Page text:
Vermont’s House-Arrest Program Ends--Zaccaro Case Is Unaffected
Gov. Madeleine M. Kunin closed the state’s house-arrest program to drug offenders Thursday, but the decision allows John A. Zaccaro Jr. to complete his cocaine trafficking sentence in a luxury apartment.
Zaccaro, 24, son of 1984 Democratic vice presidential nominee Geraldine A. Ferraro, spent less than 30 minutes of a four-month sentence at a Burlington correctional center before taking up residence July 1 in a $1,500-a-month Burlington apartment featuring cable television and maid service.
Kunin closed the program to future drug offenders, ordered corrections officials to set minimum and maximum standards on apartments used by inmates in the program and stipulated that inmates eligible for house arrest spend at least 24 hours in prison.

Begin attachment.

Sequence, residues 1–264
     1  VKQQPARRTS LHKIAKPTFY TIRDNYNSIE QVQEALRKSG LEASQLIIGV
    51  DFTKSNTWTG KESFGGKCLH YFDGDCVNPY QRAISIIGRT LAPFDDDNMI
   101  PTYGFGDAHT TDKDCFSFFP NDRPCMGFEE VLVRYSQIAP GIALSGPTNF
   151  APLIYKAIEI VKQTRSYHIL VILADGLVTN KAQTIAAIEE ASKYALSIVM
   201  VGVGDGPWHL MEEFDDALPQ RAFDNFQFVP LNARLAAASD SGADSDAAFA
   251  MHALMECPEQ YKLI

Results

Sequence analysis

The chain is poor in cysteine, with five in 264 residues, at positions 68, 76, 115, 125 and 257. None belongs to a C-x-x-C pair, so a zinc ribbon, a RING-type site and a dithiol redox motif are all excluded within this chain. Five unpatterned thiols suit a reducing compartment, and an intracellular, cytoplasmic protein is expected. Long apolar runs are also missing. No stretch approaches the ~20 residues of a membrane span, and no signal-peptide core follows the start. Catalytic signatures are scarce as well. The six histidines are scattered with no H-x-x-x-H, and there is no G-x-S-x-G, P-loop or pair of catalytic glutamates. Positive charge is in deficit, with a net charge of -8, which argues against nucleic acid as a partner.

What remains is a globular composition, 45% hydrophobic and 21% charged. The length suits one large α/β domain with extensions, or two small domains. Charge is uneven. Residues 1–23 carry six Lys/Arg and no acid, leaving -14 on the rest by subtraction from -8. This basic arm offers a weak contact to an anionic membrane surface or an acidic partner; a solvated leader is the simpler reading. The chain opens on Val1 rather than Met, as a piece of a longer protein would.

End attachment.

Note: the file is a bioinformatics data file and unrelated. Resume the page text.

Corrections Commissioner Joseph Patrissi said Zaccaro’s present apartment would probably not meet the new guidelines. But he said those guidelines will not affect inmates already in the program.
“Equal treatment under the law is undoubtedly the most basic principle of the American system of justice, and I think we make every effort to provide that equal treatment,” Kunin said. “When there is any perception that there is not equal treatment, certain steps have to be taken.”
Kunin ordered the changes in the 6-month-old program a day after receiving a report on apparent inequities among inmates. She commissioned the study after learning of Zaccaro’s surroundings.
Inmates accepted into the house arrest program have been responsible for finding and paying for their own apartments. Under the new rules, the apartments will be subject to minimum and maximum standards of luxury.
Zaccaro was sentenced in June to four months in prison after his conviction in April of selling $25 worth of cocaine.